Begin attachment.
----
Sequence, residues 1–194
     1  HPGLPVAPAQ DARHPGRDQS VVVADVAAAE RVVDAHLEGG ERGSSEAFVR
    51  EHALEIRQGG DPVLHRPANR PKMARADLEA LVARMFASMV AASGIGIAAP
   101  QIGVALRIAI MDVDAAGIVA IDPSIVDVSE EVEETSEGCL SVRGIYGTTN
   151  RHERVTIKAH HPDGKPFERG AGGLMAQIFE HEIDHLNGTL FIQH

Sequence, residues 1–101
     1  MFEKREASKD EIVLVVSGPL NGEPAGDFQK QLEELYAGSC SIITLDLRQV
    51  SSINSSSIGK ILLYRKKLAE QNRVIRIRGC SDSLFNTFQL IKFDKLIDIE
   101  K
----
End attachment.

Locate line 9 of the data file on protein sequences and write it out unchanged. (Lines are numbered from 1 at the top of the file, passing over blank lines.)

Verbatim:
   101  K